Robert Kaplan, a U.S. writer on Balkan history and transition, writes an opinion column in today's New York Times examining the impact Milosevic's ouster on Serbia's Balkan neighbors -- particularly, Bulgaria, and Romania. Kaplan says: "The real issue for the next administration in Washington will be less the former Yugoslavia than the integration of the entire Balkan peninsula, including Romania and Bulgaria, into Europe. For at the moment, there are two Europes, with the southeast part of the continent a bloc of unstable, impoverished countries where the political and economic trends are mostly bad."

Kaplan continues: "After the NATO air war against Serbia in 1999, hopes ran high in [Bulgaria and Romania] that generous aid would be forthcoming. People there say they have been bitterly disappointed. An end to the Milosevic era could bring new hope in the Balkans. It will be the job of the next [U.S.] administration to expand NATO to the Black Sea and prevent the Balkans from permanently rejoining the Middle East. The fall of Europe's last Communist dictator would offer an unprecedented opportunity, but not a solution to the current division of Europe."


An analysis by Carla Ann Robbins in today's Wall Street Journal Europe examines the impact of the Belgrade uprising on Serbia's neighbors within Yugoslavia. She writes: "An ouster of Milosevic makes it far less likely that NATO will have to [defend] Montenegro, Serbia's fragile but democratic junior partner in Yugoslavia. The effect on Kosovo could be far more worrisome," she adds. "Until now, the ethnic Albanians have seen NATO troops as their saviors and protectors from Milosevic. As long as he was in charge, the West's declared opposition to full Kosovo independence wasn't taken seriously. That could change quickly and dangerously now."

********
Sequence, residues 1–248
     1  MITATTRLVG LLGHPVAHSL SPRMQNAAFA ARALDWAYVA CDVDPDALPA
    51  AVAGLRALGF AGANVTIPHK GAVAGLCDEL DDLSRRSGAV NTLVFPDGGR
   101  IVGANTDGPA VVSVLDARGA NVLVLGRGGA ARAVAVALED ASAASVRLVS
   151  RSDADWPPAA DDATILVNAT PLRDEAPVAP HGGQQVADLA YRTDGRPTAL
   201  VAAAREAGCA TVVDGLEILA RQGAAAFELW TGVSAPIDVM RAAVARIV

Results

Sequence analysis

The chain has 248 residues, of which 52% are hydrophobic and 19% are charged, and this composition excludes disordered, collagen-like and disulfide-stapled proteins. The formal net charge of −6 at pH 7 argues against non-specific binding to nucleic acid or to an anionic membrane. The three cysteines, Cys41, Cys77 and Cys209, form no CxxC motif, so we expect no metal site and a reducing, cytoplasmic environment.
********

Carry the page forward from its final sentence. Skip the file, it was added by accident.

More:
Robbins concludes with advice to Kostunica: "The support the West actually delivers to Yugoslavia now will depend on whether the new government drives out Milosevic and other indicted war criminals, including several of Bosnia's top former thugs. Kostunica has said he won't turn Milosevic in to the Hague. If he makes good on that promise, it could temper the warmth of the West's embrace. Before the West, and especially international leaders, are willing to invest big in a post-Milosevic Serbia, it will also have to prove that it is done once and for all with communism as well."


A news analysis by David Sands in today's Washington Times takes a cautious approach on Kostunica. Sands says: "Kostunica's strong nationalistic views and his lack of experience in governing could cause problems. Any new government will face a steep learning curve after Milosevic's near monopoly on power. Potential pitfalls include forming a new government, the economy, Kosovo and [relations with] Russia." But Sands concludes: "Despite the immense challenges of rebuilding Yugoslavia, Kostunica can expect a warm honeymoon for now."